Curtains And Curtain Tracking - Choosing And Installing
If you are cordoning off areas of a tattoo parlor, healthcare facility, photography studio, laboratory, educational setting or possibly a home, curtain tracking has become an easily accessible tool. Selection and installing of curtains and curtain tracking isn't too difficult, but here are several tips that could smooth the process.
Step one is choosing a curtain. You have to contemplate what you want your curtain to do. If it is needed it to close light, then the blackout fabric should be chosen. Whether it must meet state and federal commercial fire codes, then mesh top curtains are required to allow sprinkler systems to adequately protect their environment. Quality cubicle and hospital curtains are manufactured with inherently fire retardant materials which can be durable, safe, and last throughout the duration of the cubicle curtain. There are numerous colors and styles of materials to choose from; including solid colors, striped, textured, patterned plus much more.
When a style is set, calculate the peak and whole curtain important to cover the intended space. The length should generally be 15% wider compared to the length to be covered. For any more ruffled look, add 30% for the length. As an example: you might need 220" of length to cover your parking space. You would then multiply 220" x .15 are available on top of 33"; add the 33" to the original 220" and you'll need to order an overall length of 253".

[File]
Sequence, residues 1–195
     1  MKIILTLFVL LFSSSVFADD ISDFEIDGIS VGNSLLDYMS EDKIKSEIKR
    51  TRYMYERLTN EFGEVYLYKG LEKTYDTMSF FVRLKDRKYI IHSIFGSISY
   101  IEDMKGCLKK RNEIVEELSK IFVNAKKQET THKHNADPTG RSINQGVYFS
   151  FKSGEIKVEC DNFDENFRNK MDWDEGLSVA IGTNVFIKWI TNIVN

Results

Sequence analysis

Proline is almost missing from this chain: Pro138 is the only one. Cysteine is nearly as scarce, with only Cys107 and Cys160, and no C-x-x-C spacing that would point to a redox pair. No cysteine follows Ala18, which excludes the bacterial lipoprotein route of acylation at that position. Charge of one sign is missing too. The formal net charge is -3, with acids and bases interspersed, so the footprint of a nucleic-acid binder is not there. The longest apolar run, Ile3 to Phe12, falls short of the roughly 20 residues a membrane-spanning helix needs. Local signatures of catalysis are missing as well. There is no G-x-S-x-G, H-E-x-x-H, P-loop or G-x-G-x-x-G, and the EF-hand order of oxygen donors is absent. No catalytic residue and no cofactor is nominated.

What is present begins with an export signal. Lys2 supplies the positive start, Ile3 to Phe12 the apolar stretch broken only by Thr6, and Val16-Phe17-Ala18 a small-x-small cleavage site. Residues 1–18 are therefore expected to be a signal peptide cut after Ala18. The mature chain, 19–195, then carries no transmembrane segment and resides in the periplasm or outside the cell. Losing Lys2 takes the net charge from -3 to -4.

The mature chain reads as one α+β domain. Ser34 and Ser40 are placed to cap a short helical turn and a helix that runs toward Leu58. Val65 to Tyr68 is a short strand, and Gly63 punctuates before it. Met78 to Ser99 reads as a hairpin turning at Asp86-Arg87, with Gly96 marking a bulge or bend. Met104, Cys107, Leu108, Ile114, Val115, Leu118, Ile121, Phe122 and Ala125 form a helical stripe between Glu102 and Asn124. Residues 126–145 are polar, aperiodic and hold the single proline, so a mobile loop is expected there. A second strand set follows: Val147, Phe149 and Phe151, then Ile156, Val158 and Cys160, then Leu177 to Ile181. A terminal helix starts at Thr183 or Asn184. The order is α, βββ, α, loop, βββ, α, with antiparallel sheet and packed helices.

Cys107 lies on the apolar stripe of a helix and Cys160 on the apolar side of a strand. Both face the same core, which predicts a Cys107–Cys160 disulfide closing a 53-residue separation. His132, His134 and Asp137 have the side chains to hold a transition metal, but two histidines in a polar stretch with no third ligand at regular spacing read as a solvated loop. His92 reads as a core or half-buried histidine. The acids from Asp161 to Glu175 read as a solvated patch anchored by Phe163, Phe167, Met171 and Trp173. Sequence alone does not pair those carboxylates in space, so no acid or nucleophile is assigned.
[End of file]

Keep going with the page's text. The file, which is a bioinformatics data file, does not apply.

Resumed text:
To establish the height in the curtain you can find three measurements needed to be determined. Start with measuring the height from the floor towards the ceiling. For this example let's start using a 10 foot ceiling which can be 120 inches tall. Next appraise the height from the carrier and curtain tracking; it's usually 3"-4" combined. The next measurement to find out is the open space wanted beneath the bottom of the curtain; 12"-18" is typical. Go ahead and take ceiling height of 120" and subtract 12" for bottom clearance and 4" for tracking and carriers which leaves one last curtain height of 104". Typical curtain sizes cover anything from 72" to 234" wide and 84" to 108" long. Cubicle curtains can be achieved to get and customized in many instances. Healthcare facilities frequently have building and fire codes which has to be met; talk with webmaster before proceeding.
Quality curtain tracking is made of 16 gauge extruded aluminum which is typically sold in eight foot lengths. If shorter lengths are required, tracking may be easily lessen having a hacksaw. Curves pre-bent to 45 deg. and 90 deg. are available for applications requiring the curtain to bend around a room; curves are 2 feet by 2 feet and bent at the 12 inch radius.